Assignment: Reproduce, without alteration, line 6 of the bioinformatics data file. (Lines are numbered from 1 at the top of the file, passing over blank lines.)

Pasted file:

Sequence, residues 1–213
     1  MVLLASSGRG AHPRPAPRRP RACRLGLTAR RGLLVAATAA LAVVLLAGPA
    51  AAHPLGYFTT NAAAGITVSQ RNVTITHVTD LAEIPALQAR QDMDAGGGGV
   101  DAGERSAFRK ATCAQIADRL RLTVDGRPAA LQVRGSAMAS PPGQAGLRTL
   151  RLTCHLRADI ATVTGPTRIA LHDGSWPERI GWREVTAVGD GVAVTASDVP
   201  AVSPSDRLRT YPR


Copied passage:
   201  AVSPSDRLRT YPR